Daily mean temperature

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Climatological knowledge

Day temperature T: max / med / min
Day temperature  T : max / med / min

Air temperature dependent days
  • T max  ≥ 35 ° C
  • Desert day
  • T max  ≥ 30 ° C
  • Hot day
  • T min ≥ 20 ° C
  • Tropical night
  • T max ≥ 25 ° C
  • Summer day
  • T med <15 ° C / 12 ° C
  • Heating day
  • T med ≥ 5 ° C
  • Vegetation day
  • T min <0 ° C
  • Frost day
  • T max <0 ° C
  • Ice day
    not uniformly defined: Cold day
    Weather- dependent days
    Cloud cover Bright day
    Cloud cover Cloudy day
    Cloud cover Foggy day
    Humidity / temperature Sultry day
    Precipitation Precipitation day
    Precipitation Rainy day
    Precipitation Hail day
    Precipitation Snow (cover) day
    storm Storm day
    storm Thunderstorm day

    The average daily temperature , and average daily temperature is in Germany by the German Weather Service since April 1, 2001 by forming the mean value of all measured on the hour air temperature values ( ) 0 through 23:00 UTC (ie from 1 through 12:00 CET ; ) determined : TLTUhrzeit

    If values ​​are missing for more than three hours due to a technical failure , the daily mean temperature is alternatively calculated from the temperature values ​​measured at the main synoptic dates 0, 6, 12 and 6 p.m. UTC:

    Calculation until March 31, 2001

    Up to 1900 there were several different calculation rules in the German states and their climate services (Bavarian formula, Saxon formula, etc.; until 1886 also their own Prussian formula, from 1887 conversion to Mannheim formula). From 1901 to March 31, 2001, the daily mean temperature of a location was usually determined from three temperature measurements per day; only the Deutsche Seewarte, based in Hamburg, adhered to its own formula for daily averaging (so-called Seewarten formula) within its area of ​​responsibility until the end of 1935. The times for the manual temperature readings, which were standardized from 1936 onwards, were called Mannheim hours and for many decades were 7, 2 and 9 p.m. local time in German-speaking countries ( + 1 hour each during summer time ). The 9 p.m. value was counted twice and the sum of the four values ​​was divided by 4. The daily mean temperature is calculated using the formula

    performed. (The times given as T 7 , T 14 and T 21 in the formula correspond here to the times 7, 2 and 9 p.m.) The formula goes back to Kämtz (1831).

    Depending on the country, however, there were deviations in the reading dates: For example, the daily mean temperature in the former GDR between 1967 and 1990 was usually calculated from 4 or 8 dates. In 1987, the German Weather Service moved the dates to 6:30 a.m., 1:30 p.m. and 8:30 p.m. world time for practical reasons (from January 1, 1991 also valid for the new federal states) so that all stations have the values ​​at the same time read off. However, the above formula remained valid. While part-time observers with analogue instruments continued to observe on the three dates mentioned per day after April 1, 2001, they have only been used in the full-time monitoring network at DWD climate reference stations manned by specialist staff, where conventional analogue instruments are used to perform manual parallel observations for automated electronic Temperature measurement.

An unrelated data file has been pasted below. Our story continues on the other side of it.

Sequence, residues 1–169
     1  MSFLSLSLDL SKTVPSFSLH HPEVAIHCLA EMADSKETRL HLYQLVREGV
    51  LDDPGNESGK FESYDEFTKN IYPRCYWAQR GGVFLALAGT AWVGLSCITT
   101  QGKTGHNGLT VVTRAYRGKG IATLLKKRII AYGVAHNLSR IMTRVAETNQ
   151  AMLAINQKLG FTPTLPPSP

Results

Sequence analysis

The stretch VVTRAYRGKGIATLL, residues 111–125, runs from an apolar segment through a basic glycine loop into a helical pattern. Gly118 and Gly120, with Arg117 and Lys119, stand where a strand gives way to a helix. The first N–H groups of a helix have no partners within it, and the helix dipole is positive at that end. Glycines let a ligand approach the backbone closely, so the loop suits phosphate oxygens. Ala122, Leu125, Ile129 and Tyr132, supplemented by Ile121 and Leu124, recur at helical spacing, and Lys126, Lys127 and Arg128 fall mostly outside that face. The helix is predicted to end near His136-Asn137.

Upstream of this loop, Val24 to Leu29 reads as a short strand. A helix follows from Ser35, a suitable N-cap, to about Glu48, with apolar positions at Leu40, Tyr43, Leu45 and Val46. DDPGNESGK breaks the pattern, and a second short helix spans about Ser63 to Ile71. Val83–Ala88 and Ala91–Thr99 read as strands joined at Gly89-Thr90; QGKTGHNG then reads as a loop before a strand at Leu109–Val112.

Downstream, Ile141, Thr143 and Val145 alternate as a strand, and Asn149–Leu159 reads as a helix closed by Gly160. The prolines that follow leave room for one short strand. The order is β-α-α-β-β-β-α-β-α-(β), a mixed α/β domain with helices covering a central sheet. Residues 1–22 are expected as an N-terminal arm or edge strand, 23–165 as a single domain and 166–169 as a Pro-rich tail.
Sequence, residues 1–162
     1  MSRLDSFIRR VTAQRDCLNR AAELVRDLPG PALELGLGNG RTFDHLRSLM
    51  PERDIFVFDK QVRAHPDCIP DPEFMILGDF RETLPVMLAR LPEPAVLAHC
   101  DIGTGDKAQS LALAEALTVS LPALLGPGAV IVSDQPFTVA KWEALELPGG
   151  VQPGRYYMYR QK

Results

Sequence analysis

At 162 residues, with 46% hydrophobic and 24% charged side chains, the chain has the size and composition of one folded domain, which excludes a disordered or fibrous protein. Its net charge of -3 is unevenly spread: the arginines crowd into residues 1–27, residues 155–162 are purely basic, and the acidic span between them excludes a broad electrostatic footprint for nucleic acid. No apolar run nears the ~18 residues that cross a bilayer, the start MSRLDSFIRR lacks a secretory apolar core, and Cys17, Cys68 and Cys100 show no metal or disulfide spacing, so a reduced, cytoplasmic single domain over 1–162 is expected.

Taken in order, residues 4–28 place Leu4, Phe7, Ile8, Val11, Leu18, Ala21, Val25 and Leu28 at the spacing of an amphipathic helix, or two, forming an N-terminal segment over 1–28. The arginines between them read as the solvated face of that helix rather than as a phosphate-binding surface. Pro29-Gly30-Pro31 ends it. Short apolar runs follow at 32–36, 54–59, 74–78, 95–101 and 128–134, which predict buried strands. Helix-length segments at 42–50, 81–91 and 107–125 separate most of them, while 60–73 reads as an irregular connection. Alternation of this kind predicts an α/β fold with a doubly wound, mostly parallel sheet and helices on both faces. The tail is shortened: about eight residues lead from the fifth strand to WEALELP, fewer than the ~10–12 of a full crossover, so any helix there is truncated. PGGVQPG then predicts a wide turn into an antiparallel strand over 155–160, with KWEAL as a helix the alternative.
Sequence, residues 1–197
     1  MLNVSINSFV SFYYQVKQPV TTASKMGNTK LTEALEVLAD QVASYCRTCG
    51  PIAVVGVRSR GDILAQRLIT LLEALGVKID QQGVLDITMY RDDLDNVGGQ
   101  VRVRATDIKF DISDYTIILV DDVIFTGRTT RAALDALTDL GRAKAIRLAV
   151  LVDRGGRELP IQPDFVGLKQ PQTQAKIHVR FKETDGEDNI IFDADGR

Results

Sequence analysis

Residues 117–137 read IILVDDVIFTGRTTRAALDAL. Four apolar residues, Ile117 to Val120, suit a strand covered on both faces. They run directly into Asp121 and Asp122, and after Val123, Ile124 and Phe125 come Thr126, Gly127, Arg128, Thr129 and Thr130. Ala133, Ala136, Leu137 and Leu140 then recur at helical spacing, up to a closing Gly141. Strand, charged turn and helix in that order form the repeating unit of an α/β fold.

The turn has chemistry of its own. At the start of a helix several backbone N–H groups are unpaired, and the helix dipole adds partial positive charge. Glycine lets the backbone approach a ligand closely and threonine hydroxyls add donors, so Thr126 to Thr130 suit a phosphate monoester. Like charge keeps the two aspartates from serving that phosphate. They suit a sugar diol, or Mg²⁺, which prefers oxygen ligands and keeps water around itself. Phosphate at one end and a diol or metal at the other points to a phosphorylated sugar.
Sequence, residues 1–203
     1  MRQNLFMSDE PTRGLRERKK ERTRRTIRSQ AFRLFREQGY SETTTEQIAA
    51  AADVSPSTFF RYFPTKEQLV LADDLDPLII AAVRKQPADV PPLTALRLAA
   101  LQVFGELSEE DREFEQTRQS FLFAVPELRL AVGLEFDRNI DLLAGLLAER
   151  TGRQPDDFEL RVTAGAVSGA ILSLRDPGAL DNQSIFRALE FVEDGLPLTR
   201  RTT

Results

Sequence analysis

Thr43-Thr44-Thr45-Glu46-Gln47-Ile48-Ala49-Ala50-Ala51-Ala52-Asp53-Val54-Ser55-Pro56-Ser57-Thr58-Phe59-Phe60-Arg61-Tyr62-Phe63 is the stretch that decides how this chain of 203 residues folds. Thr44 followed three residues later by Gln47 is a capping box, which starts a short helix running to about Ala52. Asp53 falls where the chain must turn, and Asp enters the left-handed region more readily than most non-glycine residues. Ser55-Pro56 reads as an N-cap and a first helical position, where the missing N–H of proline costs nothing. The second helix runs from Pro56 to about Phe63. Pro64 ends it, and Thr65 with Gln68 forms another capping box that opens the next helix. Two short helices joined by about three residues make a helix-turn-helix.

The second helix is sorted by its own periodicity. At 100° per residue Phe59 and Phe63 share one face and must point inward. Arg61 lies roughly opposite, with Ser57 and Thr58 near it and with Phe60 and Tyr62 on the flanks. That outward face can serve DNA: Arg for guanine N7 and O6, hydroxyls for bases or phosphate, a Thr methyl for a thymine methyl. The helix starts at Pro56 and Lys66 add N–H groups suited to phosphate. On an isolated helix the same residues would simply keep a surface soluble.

Since this method does not take into account nights with strong cooling too weakly, thermoisopleth diagrams , which show the average daily and annual temperature of a location, were of interest. The data required for this had to be read from analog recording devices before the introduction of automatic measurement systems.


    Examples: daily mean temperature for January and July as long-term mean ( CH )
    place Basel Bern Davos Geneva Jungfraujoch Lugano Magadino Samedan St. Gallen Zurich
    January 0.9 −1.0 −5.3 1.0 −13.6 2.6 0.2 −9.4 −1.1 −0.5
    July 18.5 17.5 11.8 19.3 −1.2 21.1 20.6 11.2 16.2 17.6

    See also

    Web links

    Individual evidence

    1. Note: In contrast to the color markings for the temperature thresholds, the 0 ° C line on the graphic is on the border between turquoise and blue. →  Annual cycle of the graphic (animated)
    2. a b c d e f g h i j k l m n o Climatological knowledge days in the weather dictionary of the German Weather Service
    3. Germany : 15 ° C according to VDI 2067 ; Austria , Switzerland , Liechtenstein : 12 ° C according to Usance
    4. also T med ≥ 10 ° C: day of the main vegetation period
    5. Kämtz, Ludwig Friedrich, 1831: Textbook of Meteorology, p. 102, urn : nbn: de: bvb: 12-bsb10133996-2
    6. Kaspar, F., Hannak, L., and Schreiber, K.-J .: Climate reference stations in Germany: Status, parallel measurements and homogeneity of temperature time series, Adv. Sci. Res., 2016, 13, 163-171, doi : 10.5194 / asr-13-163-2016 .